The COVID-19 pandemic is the biggest public health threat facing the globe today. Multiple vaccines have been approved, however the emergence of viral variants such as the recent Omicron, raises the possibility of booster doses to achieve adequate protection. In Brazil, the CoronaVac (Sinovac) vaccine was used, however it’s important to assess the immune response to this vaccine over time. This study aimed to monitor the anti-SARS-CoV-2 antibody responses in those immunized with CoronaVac and SARS-CoV-2 infected individuals. Samples were collected between August 2020 and August 2021. Within the vaccinated cohort, some individuals had history of infection by SARS-CoV-2 prior to immunization and others not. We analyzed RBD-specific and neutralizing- antibodies. Anti-RBD antibodies were detected in both cohorts, with a peak between 45-90 days post infection or vaccination, followed by a steady decline over time. In those with previous history of COVID-19, a higher, longer, more persistent response was observed. This trend was mirrored in the neutralization assays, where infection followed by immunization resulted in higher, longer lasting responses which were conditioned on the presence of levels of RBD antibodies right before the vaccination. This supports the necessity of booster doses of CoronaVac in due course to prevent serious disease.
ARTICLE | doi:10.20944/preprints202208.0423.v1
Subject: Social Sciences, Other Keywords: COVID-19; Cross-border travel; Immunity certificate; Regional collaboration; Vaccination certificate; Vaccination passport; Asia
Online: 24 August 2022 (13:54:00 CEST)
COVID-19 vaccination certificates (CVCs) have played a key role in safe reopening of borders for international travel and trade, so understanding key stakeholder perceptions of enablers and barriers for their effective use is critical. The COVID-19 Vaccination Policy Research and Deci-sion-Support Initiative in Asia (CORESIA) was established to address policy questions related to CVCs. We conducted two online surveys, i.e., one for the public and one for health and non-health sector experts, from June to October 2021 in nine Asian countries. Descriptive analysis identified participants, enablers, and barriers. Most participants (78% public, 89% experts) accepted the use of CVCs, primarily to resume international travel (76%). Most respondents in both surveys wanted the minimum vaccination coverage to be 60% before CVCs were implemented nation-wide. Most of the public (82%) agreed to maintain existing non-pharmaceutical interventions, while most experts wanted risk-based testing and quarantine policy for incoming travellers (51%) and both digital and paper format CVCs (64%). Support for CVCs for international travel remains high in Asia. Recognising key enablers and barriers for effective use of CVCs from COVID-19 pandemic may help policymakers draft effective border policies for future epidemics.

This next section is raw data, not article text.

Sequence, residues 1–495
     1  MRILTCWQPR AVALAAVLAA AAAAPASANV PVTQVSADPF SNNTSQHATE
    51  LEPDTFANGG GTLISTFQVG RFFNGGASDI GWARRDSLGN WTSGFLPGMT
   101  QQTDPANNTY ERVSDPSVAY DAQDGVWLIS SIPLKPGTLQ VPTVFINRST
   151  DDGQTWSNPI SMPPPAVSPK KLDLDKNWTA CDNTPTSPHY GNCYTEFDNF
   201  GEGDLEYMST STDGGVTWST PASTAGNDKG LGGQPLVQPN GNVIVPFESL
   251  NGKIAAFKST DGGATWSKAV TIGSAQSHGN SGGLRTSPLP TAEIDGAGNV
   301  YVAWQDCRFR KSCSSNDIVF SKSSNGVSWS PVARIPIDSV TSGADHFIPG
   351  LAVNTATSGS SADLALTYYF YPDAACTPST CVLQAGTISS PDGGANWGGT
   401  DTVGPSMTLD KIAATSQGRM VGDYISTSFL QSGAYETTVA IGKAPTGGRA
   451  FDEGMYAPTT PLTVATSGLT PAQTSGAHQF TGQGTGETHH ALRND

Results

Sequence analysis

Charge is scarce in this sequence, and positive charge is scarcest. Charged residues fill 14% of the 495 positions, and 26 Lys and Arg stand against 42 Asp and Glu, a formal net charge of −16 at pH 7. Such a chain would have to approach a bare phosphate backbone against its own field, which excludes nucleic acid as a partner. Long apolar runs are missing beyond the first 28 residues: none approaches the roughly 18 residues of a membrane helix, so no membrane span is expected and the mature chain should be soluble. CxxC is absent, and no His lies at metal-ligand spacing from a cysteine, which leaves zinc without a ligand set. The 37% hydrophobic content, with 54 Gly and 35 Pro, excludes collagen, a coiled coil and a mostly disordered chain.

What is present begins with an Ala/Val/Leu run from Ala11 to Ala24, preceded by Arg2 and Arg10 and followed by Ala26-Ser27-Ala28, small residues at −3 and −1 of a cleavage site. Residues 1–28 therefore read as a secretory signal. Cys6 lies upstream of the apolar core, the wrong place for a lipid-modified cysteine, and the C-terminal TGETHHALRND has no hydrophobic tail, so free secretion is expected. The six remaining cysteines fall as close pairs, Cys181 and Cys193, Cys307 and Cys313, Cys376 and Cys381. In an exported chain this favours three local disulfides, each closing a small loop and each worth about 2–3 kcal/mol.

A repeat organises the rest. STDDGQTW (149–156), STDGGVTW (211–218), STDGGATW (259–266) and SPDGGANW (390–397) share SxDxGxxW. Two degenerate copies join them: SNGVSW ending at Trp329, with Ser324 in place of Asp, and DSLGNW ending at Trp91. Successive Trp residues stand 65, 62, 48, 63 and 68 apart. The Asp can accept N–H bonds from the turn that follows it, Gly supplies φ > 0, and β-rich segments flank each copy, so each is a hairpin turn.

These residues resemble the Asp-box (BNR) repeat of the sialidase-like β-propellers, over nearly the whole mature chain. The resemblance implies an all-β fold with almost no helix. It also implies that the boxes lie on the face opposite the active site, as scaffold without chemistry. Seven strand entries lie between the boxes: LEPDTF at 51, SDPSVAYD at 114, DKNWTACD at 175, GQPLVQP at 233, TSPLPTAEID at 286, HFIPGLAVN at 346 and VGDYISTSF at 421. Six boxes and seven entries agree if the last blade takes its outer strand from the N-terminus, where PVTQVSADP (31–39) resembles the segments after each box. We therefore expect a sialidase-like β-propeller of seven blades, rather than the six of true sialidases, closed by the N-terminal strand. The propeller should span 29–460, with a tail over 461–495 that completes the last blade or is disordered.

ARTICLE | doi:10.20944/preprints202302.0278.v1
Subject: Life Sciences, Other Keywords: COVID-19; SARS-CoV-2; vaccine; mRNA vaccine; adenoviral vector vaccine; adverse event; local adverse event; systemic adverse event
Online: 16 February 2023 (08:00:51 CET)
The immunization of healthcare workers in the early stages of the rollout of COVID-19 vaccines was prioritized in order to ensure uninterrupted medical care provision. At the same time the increasing number of available COVID-19 vaccines may trigger hesitancy towards the decision to get vaccinated. Thus, accumulating reliable information on the adverse events following immunization may educate and urge the general population to receive a COVID-19 vaccine. The present study aimed to evaluate the adverse events (AEs) following immunization with any of the available COVID-19 vaccine among Bulgarian healthcare workers (HCWs). A cross-sectional study among HCWs in Plovdiv, Bulgaria was conducted in the period March – September 2021. Through a semi-structured online questionnaire, the participants reported the adverse events following the administration of the first and second dose of a COVID-19 vaccine. A total of 253 respondents, vaccinated with one of the available vaccines against COVID-19 took part in the study. Of them 71.9% were females, and 75.9% received mRNA-based vaccines, while 24.1% received a viral-vector based vaccine. Overall 91.6% and 82.6% of all participants reported at least one local AE after the first and second dose of a COVID-19 vaccine. The share of respondents reporting at least one systemic AE after the first and second dose of a COVID-19 vaccine was 59.7% and 62.4% respectively. The most common local AE was pain at the injection spot (84.0%), while the most common systemic AEs were fatigue (54.9%), chills (43.2%), and headache (41.7%). The mRNA-based vaccines versions seem to cause higher prevalence of local AEs, while the vector-based vaccines were linked with increased prevalence of systemic AEs. Female HCWs and the younger age group were associated with an increased risk of adverse events generally. Our results added more evidence that mRNA-based and viral-vector based vaccines are generally safe. The reported adverse events were mild, although they occurred in a high share of the respondents. No serious AEs attributable to the vaccines were reported.